Being involved in an automobile accident is always traumatic. Telling yourself it is not your fault is a common way to manage the stress. But, who’s a fault is it?
Many factors go into assigning responsibility for an accident, including the six mentioned below. To assist your insurance company with determining liability, gather as much evidence as you can, such as photos of both vehicles and the accident scene.
- No-Fault states
No-fault does not mean that no one is at fault for an automobile accident. Currently, 12 states have no-fault insurance laws that require all residents who purchase car insurance to include Personal Injury Protection (PIP) coverage. PIP covers the policyholder’s accident-related medical bills up to a certain dollar amount.
Once an injured person exceeds their PIP coverage limits, they may sue the other driver for personal injury damages if that other party’s at least partially at fault. Consult your personal injury attorneys for advice and support moving forward.
There is no PIP coverage for property damage, so the fault is the determining factor for whose insurance company pays to get your car repaired.
- State Lines
Traffic laws vary from state to state and are instrumental in determining fault in an auto accident. Also, jurisdictions differ in their laws allowing an injured person to collect damages from the other party to the accident. The three approaches include:
- Pure contributory negligence, which is currently the law in five states, requires the injured party to be without fault to receive compensation.
- Comparative negligence, which is currently the law in 12 states, allows the injured party to receive damages for the percentage of fault assigned to the other driver.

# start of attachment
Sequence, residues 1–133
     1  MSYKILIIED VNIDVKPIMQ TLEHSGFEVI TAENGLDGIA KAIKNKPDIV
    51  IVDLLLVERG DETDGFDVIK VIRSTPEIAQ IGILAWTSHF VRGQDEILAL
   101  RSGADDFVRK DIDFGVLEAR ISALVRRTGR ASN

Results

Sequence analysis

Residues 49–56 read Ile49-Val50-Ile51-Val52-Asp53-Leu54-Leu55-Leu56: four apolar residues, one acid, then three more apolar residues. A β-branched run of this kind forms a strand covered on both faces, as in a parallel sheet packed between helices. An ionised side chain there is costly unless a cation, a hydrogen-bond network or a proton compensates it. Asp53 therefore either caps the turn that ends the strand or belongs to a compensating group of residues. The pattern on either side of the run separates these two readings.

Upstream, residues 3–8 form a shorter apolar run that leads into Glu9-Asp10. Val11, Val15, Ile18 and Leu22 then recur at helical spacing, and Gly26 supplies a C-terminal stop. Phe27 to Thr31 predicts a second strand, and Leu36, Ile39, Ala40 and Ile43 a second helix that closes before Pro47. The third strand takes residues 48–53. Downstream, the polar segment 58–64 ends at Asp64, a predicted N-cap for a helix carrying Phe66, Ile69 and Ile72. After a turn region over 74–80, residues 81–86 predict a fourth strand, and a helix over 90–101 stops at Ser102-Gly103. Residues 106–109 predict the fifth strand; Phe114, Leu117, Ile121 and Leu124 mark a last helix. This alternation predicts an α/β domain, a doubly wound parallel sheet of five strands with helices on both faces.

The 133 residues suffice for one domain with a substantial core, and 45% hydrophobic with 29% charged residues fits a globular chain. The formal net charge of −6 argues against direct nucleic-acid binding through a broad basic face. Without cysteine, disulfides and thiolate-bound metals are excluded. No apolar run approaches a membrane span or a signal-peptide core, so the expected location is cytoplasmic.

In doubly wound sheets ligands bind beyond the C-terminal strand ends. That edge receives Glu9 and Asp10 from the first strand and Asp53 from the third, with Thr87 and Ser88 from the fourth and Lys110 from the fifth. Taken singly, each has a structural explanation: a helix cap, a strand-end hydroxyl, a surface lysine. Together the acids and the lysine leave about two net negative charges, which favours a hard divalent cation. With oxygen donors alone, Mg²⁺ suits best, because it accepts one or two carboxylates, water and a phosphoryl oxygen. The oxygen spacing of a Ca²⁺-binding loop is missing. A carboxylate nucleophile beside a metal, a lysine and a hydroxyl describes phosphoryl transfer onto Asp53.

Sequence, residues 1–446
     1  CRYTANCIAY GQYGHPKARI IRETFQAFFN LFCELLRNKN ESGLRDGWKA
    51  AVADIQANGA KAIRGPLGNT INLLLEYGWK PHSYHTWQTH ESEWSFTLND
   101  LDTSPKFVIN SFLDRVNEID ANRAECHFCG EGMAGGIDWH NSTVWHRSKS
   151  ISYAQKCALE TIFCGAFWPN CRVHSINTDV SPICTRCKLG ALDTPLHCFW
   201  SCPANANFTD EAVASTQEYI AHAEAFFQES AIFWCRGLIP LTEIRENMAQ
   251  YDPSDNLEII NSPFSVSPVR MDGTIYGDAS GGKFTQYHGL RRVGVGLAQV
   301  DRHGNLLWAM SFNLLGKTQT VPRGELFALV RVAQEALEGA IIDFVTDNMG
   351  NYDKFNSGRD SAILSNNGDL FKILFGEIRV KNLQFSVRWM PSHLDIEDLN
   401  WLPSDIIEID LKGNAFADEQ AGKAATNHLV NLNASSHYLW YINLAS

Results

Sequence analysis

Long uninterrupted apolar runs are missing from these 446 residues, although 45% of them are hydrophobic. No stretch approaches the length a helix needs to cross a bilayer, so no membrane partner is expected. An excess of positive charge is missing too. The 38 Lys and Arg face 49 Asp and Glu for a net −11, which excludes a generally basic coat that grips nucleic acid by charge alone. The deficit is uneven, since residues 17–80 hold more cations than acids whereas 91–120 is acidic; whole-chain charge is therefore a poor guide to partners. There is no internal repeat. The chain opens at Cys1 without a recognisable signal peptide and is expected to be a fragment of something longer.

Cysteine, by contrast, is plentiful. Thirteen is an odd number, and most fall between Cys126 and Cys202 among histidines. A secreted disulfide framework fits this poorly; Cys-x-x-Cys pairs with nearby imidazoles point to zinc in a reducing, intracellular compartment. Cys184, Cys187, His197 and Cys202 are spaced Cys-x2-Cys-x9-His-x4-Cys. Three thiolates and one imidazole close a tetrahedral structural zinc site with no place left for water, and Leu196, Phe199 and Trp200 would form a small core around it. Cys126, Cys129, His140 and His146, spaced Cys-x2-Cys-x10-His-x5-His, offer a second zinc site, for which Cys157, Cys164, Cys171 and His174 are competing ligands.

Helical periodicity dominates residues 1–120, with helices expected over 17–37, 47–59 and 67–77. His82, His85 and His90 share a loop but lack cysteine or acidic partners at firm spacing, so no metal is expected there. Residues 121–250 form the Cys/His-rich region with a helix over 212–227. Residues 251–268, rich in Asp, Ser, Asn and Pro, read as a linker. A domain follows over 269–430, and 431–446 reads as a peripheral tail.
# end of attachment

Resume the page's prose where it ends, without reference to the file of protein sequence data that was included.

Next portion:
- Modified comparative negligence, which is currently the law in 33 states, bars the injured party from collecting damages if they are 50% or more at fault for the accident.
- Police Report
The police report is not the final say as to fault in an automobile accident. The officers will gather information, talk to witnesses, and may take pictures. If they share their opinion regarding fault, it is just that—an opinion. Very likely, they did not witness the accident and did not know what happened. The fault is ultimately determined by the insurance companies and in court, if necessary.
- T-Bone Collisions
A frequent type of auto accident is the T-bone or side-impact collision. For example, a driver makes a left turn and is struck on the right side by an oncoming vehicle. A t-bone accident is not a cut-and-dry liability situation even though it might appear as though the turning car failed to yield the right of way.
What if the turning car had a left-turn traffic signal and the other vehicle ran a red light? Or, what if the oncoming vehicle did not have their lights on after dark? T-bone collisions often result in a comparative or modified comparative negligence decision based on the individual case’s facts.
- Low-Speed Collisions
Another common type of auto accident is low-speed collisions, which typically happen in parking lots. The majority involve an impact between one vehicle backing out of space and the other passing by in the travel lane. The fault is usually assigned in whole or in part to the backing vehicle but, as we said with the t-bone collision, nothing is etched in stone when determining liability.
- Rear-End Collisions
A large percentage of all automobile accidents are rear-ended collisions. Although many drivers believe that fault always rests with the rear-ending vehicle, that is not always the case. A thorough investigation by the insurance company may reveal facts that can make this a comparative negligence case.
Keep these facts in mind should you ever be involved in an auto accident. Do not accept responsibility at the scene or to the insurance companies. An in-depth investigation into the incident will determine the fault.